Extreme sports from a personal perspective
February 6, 2003
Extreme sports aren’t for everyone. They are, well, “extreme” by definition. While some people enjoy participating in them, the X Games on ESPN proves that others prefer watching them.
Extreme armchair-athletes will enjoy a new book on adventure sports written by East Coast dweller Bruce Genereaux. Genereaux comes from a family of outdoor enthusiasts, and his style of writing is autobiographical and semisolipsistic.
The book focuses on his experiences pursuing extreme sports and examining what drove him to participate in them.
His self-examination isn’t boorish and overwhelming in the “Enough about me, what do you think about me?” mold. Instead, his tales are punctuated with insightful feeling and a sense of learning about oneself.
The title, “Beyond the Comfort Zone: Confessions of an extreme sports junkie,” shows what seem to be differing views of the book by author and publisher. The cover art and layout push the extreme sports angle, with chapters coming as one adventure after another in this author’s whirlwind life. But the writing is full of the emotional tumult that accompanies adventure, and tries to fit the events into the larger puzzle of life.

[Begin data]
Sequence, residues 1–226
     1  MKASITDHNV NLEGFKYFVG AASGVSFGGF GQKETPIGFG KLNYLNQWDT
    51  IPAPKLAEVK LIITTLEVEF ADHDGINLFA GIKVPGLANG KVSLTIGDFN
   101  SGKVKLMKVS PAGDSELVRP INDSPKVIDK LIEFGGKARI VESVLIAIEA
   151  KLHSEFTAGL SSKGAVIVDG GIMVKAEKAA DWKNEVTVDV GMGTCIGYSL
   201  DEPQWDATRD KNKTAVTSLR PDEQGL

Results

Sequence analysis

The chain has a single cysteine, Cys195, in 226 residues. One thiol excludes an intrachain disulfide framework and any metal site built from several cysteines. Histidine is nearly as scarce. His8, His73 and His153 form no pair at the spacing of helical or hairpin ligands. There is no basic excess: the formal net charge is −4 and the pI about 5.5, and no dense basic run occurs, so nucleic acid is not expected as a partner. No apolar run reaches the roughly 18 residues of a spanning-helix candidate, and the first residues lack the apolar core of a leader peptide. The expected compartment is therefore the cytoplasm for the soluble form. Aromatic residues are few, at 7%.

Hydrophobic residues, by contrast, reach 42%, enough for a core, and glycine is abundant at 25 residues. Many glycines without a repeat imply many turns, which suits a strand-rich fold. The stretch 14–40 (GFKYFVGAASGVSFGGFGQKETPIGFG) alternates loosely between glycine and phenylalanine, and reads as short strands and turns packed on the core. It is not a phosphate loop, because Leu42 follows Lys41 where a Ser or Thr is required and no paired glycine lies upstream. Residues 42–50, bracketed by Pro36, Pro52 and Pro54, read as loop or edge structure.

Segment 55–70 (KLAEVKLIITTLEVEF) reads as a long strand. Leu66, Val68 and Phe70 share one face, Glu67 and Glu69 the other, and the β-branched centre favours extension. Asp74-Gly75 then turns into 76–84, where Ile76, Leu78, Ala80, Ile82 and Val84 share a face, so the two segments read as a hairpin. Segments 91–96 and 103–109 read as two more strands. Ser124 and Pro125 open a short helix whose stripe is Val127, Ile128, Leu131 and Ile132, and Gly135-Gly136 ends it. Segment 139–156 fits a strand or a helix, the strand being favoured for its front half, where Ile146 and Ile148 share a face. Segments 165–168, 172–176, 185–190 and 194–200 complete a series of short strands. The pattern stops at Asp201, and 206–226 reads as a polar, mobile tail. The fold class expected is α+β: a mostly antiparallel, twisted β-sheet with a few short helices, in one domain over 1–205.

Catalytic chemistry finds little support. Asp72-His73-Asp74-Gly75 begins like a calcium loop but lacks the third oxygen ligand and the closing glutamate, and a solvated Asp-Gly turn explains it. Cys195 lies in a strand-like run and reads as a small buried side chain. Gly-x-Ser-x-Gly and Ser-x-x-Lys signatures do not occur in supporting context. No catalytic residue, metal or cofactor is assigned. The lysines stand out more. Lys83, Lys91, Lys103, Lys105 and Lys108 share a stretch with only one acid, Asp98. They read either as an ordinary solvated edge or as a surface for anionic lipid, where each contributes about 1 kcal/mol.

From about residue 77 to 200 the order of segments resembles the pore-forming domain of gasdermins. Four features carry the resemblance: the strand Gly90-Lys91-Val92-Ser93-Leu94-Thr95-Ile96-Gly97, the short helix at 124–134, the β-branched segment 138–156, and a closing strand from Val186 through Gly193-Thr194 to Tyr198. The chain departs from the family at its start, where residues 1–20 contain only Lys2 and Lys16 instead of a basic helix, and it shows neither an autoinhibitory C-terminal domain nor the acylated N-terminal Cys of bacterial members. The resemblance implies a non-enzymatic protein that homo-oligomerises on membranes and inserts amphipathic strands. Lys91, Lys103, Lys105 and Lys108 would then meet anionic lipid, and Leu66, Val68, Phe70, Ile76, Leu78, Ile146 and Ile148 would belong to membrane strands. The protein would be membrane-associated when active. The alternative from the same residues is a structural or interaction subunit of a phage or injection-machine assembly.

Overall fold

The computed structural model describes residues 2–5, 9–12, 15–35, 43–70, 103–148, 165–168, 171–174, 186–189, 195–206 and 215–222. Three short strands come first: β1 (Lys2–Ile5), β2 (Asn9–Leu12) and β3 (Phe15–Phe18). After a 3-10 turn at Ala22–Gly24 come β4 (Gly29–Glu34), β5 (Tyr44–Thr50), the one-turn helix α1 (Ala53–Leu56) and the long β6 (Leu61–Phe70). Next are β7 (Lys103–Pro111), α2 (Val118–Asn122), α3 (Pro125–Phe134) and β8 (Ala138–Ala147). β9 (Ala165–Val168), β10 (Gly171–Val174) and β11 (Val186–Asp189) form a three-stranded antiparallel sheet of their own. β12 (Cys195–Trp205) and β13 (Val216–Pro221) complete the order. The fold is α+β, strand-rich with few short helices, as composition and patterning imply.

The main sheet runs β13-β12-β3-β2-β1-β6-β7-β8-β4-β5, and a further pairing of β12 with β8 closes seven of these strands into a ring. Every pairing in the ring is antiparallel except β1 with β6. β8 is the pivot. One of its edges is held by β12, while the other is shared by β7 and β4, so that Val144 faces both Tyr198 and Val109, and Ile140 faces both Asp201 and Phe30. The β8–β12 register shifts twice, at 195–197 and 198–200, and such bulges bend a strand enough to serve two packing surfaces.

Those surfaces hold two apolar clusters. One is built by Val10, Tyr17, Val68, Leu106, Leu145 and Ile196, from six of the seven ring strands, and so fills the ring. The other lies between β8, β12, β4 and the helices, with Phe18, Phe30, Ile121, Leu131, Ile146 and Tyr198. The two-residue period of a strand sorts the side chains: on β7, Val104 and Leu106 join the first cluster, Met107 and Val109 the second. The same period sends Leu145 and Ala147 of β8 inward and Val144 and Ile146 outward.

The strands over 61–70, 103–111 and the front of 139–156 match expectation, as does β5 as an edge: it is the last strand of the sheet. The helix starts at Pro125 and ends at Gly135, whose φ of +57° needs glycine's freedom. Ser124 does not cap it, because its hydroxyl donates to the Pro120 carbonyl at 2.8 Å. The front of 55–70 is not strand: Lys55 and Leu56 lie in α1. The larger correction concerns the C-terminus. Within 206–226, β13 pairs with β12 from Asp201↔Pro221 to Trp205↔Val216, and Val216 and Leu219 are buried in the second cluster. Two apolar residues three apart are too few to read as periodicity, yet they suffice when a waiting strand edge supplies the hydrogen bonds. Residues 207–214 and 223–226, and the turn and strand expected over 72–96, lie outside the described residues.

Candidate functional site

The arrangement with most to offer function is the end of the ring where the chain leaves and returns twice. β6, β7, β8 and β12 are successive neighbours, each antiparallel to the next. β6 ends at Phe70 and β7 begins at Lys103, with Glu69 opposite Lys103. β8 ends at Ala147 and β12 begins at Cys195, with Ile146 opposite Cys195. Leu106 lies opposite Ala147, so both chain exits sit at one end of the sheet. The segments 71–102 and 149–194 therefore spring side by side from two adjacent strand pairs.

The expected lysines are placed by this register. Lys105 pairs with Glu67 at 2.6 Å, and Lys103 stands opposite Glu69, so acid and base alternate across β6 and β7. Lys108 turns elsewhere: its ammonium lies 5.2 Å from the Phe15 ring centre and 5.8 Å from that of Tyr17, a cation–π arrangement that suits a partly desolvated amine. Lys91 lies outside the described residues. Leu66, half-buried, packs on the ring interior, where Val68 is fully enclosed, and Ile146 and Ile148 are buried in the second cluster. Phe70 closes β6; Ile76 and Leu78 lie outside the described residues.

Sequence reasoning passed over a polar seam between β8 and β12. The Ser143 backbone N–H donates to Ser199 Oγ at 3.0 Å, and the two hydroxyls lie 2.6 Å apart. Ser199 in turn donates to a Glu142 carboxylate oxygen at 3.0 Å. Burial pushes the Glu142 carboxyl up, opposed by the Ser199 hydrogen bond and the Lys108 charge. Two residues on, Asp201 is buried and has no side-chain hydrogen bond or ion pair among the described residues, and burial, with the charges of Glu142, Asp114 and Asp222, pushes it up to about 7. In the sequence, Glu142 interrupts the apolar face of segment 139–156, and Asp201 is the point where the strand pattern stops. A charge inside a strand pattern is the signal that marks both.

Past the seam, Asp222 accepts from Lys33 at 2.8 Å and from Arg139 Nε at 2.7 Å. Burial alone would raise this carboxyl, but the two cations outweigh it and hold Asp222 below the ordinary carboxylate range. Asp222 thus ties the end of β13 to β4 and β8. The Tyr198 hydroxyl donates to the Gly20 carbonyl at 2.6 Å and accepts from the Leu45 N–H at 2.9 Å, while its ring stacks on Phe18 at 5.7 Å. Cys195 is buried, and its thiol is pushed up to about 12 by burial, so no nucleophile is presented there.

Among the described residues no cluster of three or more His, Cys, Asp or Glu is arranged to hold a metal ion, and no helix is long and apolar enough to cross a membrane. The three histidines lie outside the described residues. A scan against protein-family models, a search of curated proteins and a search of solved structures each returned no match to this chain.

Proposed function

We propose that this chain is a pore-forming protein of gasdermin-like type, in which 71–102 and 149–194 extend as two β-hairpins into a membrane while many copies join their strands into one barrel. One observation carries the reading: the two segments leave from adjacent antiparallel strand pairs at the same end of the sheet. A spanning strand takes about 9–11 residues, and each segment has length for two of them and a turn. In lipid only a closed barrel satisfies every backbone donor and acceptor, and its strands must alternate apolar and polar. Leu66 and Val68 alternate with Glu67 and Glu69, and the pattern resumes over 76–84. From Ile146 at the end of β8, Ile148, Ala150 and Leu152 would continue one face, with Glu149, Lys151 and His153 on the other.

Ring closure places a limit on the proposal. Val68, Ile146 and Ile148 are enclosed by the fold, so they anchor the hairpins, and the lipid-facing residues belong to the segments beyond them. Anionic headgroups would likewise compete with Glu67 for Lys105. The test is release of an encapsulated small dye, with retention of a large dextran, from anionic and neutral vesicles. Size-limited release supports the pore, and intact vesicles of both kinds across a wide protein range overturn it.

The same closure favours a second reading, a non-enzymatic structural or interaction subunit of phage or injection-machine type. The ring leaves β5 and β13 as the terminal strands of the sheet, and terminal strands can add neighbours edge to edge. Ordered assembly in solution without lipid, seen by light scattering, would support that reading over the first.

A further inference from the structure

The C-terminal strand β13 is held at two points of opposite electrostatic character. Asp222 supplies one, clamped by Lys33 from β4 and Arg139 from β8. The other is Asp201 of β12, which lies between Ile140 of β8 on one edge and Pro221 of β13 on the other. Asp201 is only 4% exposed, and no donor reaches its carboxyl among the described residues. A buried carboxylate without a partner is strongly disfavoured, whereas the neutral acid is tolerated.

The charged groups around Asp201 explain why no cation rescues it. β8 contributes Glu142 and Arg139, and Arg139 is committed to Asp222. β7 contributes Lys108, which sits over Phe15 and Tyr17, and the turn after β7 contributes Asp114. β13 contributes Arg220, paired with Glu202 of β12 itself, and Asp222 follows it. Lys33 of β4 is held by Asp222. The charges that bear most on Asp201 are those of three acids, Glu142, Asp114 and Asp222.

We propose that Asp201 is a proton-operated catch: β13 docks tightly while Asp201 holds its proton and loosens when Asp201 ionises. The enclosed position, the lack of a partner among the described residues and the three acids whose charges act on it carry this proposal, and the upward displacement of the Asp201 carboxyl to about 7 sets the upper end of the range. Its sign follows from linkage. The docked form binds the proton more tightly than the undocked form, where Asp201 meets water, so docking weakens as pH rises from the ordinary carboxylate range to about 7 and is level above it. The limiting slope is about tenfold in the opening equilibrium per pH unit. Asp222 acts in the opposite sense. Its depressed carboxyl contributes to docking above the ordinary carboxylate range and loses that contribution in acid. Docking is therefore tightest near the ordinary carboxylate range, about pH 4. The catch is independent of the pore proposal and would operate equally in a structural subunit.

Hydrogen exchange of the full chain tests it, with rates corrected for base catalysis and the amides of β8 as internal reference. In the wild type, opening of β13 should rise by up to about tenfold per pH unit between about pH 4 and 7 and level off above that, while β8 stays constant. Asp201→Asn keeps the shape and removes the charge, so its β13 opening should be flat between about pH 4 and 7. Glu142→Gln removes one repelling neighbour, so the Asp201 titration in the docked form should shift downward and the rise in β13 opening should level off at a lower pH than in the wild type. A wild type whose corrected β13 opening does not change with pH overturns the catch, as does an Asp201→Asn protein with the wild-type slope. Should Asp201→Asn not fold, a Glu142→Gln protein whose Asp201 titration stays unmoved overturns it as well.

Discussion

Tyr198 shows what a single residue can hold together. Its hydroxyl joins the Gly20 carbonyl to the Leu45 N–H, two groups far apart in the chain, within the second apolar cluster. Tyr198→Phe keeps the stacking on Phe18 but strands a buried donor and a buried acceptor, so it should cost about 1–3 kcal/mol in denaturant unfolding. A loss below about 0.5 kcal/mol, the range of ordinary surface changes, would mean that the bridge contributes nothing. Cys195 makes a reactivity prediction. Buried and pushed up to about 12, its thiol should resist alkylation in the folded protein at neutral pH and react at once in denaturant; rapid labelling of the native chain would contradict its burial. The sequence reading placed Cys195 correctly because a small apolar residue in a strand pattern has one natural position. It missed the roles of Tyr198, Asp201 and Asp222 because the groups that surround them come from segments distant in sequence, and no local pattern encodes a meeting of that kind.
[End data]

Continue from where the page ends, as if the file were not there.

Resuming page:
It isn’t all glory in this pursuit. Genereaux doesn’t hesitate to talk of his failure on Yosemite’s El Capitan. While inept partners seem to get the brunt of blame, what keeps the narrative from devolving into finger-pointing is the fact that he does admit to his own shortcomings and the experience toughens him for another try.
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Discussing an accident on the Kern Valley’s Dry Meadow Creek, Genereaux openly admits to backing off from running that particular stretch of river, and watches as the rescue scenario unfolds. His narrative is quick and lively, and keeps the pages turning during this and most of the adventures.
Black and white photographs sprinkled liberally through the book are nothing spectacular, but it’s not intended to be a coffee table book. The photos add to each chapter, helping to visually tell the tales without distracting from the text. The hand drawn maps are well done and orient the reader beautifully. The self-examination in the book doesn’t quite rise to the level of David Roberts — a more acclaimed outdoor writer who artfully achieves the balance between emotion and action in adventure stories — but it doesn’t distract too much either. And any reader can enjoy the wilds of Chile, New Zealand, Patagonia, as well as those of California, all without leaving the comfort of their living room.
Colin Hupp may be reached at email@example.com